Even with pages of documentation, there still can be miscommunication and misguided assumptions about a product. A prototype serves as the vision for the product and helps everyone, from a salesperson to an engineer, understand what they are trying to achieve. This article looks at some of the benefits of prototyping early in the development process.
I put together my first contract when I was about seven. My mom was in procurement and I sometimes helped her put together contracts that were four or five inches tall. With all that documentation, how could things possibly go wrong?
As it turns out, they go wrong because no one reads documentation filled with every important person’s pet requirements. They go wrong because those pet requirements are based on what someone thinks they know about what someone else wants. They go wrong because we don’t know what business or organizational outcomes we’re trying to drive and we haven’t matched them to what we think the user needs.
You’ll know exactly what I mean if you’ve ever been involved in a project where more than half of the budget and time are gone and you’re stuck breaking your neck to deliver something that you know will hit the market with a thud.
What Prototyping Is and Isn’t
Before we get into the benefits of prototyping, it’s important to define what we mean by the word. As I define it, a prototype is a tool for testing ideas, assumptions, and customer segments. It allows for quick iteration no matter the medium you choose for the prototype. You can use paper, PowerPoint, HTML and CSS, or one of the many other tools you can find online. We mostly use HTML because our team is quick at writing it.
In order for everyone involved to be happy with the outcome, it’s also important to define up front what a prototype isn’t. A prototype is not:
- Fully designed
Let’s look at some of the benefits of prototyping early in the development process.
What Prototyping Can Do for You
Once validated, the prototype serves as the vision for the product and helps everyone, from a salesperson to an engineer, understand what they are trying to achieve. It can be a bit tough to change deeply embedded processes and manage expectations, but it’s worth the risk.
Among the many benefits of prototyping before starting to build production-ready software are that prototypes allow you to:
- Take a user- and business-outcome-driven approach
- Validate early with customers
- Show internal stakeholders instead of telling with huge documents
- Help developers understand the product quickly
Here are a few tips for how to get a start at prototyping what could very well be your company’s next big thing.
Start Small, but Start
Starting anything can be really hard. Coming up with reasons not to start is easy, especially when you try to follow a particular method or process exactly. Maybe you aren’t ready to fundamentally change your software methodology, but you can probably get your team to spend five minutes during a meeting sketching some ideas and getting feedback. As you get results, you will get the support to do more.
Be Comfortable with Showing Messy Work in Progress
I used to only want to show things that were polished, but I gave that up so I could be more responsive to the needs of my client and team. If you are leading a prototyping effort, you are going to have to show your messy work first to get others to feel comfortable showing theirs.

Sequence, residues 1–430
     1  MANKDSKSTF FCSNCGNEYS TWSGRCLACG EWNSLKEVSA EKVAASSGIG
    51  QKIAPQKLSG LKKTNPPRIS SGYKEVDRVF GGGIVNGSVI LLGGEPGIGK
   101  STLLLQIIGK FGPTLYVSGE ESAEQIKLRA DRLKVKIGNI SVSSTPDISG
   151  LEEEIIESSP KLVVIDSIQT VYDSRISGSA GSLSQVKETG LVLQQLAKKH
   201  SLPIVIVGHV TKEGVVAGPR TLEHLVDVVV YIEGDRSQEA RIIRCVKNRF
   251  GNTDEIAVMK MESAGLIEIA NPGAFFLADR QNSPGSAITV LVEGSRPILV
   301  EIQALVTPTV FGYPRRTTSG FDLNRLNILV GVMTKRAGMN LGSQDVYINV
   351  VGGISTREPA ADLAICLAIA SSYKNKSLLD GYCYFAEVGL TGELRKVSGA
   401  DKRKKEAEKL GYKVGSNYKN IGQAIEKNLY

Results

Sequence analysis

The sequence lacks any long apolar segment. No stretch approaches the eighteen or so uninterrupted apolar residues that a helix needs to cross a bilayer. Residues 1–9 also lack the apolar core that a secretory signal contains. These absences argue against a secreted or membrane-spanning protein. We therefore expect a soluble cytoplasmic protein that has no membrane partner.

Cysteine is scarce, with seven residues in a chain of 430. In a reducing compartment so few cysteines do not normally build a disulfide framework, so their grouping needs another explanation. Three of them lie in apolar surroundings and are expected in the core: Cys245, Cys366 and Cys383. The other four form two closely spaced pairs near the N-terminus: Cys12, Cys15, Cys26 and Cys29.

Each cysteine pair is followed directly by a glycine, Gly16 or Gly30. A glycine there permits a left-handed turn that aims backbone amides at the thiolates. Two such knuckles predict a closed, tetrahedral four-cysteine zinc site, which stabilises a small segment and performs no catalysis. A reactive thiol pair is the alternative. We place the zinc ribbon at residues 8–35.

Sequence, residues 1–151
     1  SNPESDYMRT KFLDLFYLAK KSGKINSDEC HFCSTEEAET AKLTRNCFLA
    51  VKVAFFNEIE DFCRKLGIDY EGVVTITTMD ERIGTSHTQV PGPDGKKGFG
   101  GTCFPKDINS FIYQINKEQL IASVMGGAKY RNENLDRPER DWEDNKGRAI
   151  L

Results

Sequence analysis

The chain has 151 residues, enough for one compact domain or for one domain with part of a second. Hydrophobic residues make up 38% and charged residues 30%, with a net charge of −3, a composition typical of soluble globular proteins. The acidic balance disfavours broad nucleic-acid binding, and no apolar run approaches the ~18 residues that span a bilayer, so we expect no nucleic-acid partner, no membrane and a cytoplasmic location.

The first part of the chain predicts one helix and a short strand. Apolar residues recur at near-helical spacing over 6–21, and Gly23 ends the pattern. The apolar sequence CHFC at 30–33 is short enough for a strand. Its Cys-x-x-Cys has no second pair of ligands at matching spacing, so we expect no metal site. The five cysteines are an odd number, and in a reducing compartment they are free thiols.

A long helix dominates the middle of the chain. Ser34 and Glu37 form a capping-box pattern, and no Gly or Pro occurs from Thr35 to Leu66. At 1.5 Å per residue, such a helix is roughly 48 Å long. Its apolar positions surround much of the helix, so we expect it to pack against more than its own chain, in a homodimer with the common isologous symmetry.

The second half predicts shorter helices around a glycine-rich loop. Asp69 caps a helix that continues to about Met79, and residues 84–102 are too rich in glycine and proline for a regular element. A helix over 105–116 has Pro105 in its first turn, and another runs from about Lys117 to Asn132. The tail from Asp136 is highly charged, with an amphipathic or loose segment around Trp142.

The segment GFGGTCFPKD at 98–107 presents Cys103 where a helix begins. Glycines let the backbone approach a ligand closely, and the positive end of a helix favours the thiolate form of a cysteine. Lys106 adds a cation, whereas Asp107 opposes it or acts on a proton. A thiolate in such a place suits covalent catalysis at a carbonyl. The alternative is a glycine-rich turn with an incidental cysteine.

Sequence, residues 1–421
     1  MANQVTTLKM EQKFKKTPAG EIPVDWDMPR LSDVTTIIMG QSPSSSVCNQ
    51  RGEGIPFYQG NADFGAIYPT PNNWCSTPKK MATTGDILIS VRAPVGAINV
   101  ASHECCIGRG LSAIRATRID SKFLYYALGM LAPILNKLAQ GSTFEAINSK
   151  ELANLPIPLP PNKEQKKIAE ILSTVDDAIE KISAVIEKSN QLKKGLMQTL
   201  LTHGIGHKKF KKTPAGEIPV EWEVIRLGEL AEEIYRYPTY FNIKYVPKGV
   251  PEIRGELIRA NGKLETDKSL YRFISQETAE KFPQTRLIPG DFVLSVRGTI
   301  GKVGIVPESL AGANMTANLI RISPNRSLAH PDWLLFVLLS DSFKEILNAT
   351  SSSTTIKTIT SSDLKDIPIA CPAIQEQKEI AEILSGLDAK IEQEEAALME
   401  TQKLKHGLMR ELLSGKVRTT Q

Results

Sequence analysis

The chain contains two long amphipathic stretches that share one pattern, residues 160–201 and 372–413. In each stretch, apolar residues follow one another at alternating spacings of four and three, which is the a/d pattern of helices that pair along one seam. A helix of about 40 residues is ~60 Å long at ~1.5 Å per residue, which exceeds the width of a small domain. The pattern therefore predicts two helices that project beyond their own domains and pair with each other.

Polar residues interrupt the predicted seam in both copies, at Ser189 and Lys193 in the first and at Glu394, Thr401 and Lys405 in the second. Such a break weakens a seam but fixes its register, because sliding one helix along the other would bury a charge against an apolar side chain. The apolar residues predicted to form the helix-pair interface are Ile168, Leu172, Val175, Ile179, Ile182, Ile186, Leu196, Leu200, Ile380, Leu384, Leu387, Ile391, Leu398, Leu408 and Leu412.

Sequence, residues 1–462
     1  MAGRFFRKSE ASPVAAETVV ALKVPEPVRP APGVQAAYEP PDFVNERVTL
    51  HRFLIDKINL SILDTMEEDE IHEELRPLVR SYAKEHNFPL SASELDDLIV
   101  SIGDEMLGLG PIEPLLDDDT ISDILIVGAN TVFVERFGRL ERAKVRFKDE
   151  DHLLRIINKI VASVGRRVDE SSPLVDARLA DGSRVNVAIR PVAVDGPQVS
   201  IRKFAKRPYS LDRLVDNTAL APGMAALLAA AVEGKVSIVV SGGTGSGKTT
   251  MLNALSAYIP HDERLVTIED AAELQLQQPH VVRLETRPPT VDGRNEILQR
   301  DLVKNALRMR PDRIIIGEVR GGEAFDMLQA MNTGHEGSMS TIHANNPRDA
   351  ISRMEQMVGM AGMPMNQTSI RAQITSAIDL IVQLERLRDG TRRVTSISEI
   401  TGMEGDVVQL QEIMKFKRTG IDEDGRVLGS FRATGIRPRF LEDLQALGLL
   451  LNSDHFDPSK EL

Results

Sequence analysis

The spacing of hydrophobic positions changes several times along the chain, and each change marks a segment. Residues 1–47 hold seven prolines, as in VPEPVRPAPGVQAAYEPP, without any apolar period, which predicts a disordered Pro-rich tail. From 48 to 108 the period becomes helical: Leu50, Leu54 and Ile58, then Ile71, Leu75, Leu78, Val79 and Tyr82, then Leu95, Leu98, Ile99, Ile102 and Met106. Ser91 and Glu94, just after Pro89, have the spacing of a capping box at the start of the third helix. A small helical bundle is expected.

A prototype is like a movie set; we do just enough to make it believable and leave it really easy to change. Behind the scenes the set may be ugly and unfinished, but getting it perfect isn’t the point. This can be an adjustment for an engineer who has been trained to write quality code. “Working messy” gives us the agility we need to prove or disprove ideas quickly. Don’t worry about perfection up front.
You Will Be Wrong, but It Will Make You Better
Being wrong—or worse yet, failing—gives people hives, but I don’t know that anything innovative has ever happened without some failed experiments. Wrong is good if we learn something from it, and wrong is good if we save ourselves months of work or thousands of dollars building the wrong thing. Every time I learn something, I make the project better, and I get better. I get better at seeing from others’ perspectives, asking questions, and anticipating problems.
Focus, Focus, Focus
There are always things that will derail you. Sometimes it will be you. Set up a repository for all the great ideas, feature requests, questions, and assumptions so they don’t stop you from moving forward. The whole team is responsible for forward progress and reining each other in when people go off track, but it helps to have one person playing the enforcer.
Better Products Start with Better Prototypes
The bottom line is that 76 percent of all new products fail to meet their revenue targets.
To ensure you are on the path to success, invest time and thought into the prototyping process. Instead of working quickly through (or passing over) the start-up phase of an idea, go the extra mile. Because by starting small, sharing progress, taking risks, and remaining focused, the end product will benefit and result in higher revenue rates.
I really enjoyed your article. To me, the idea seems obvious but I know it can be tough to get buy in for innovative ideas like this. People will sink hours into documentation that will never be used again after it is signed, but will be hesitant to take a day or two of a developers time to create code if they know it will never be used in production.
My question to you is if there are any ways you believe that are best for conducting this meeting. Do you get everyone in the room at the same time, sitting their live while the code is written? How do you balance the desire of wanting to gather everyones input and feedback as the prototype is created with the fear of having important team members sit around and watch code being written?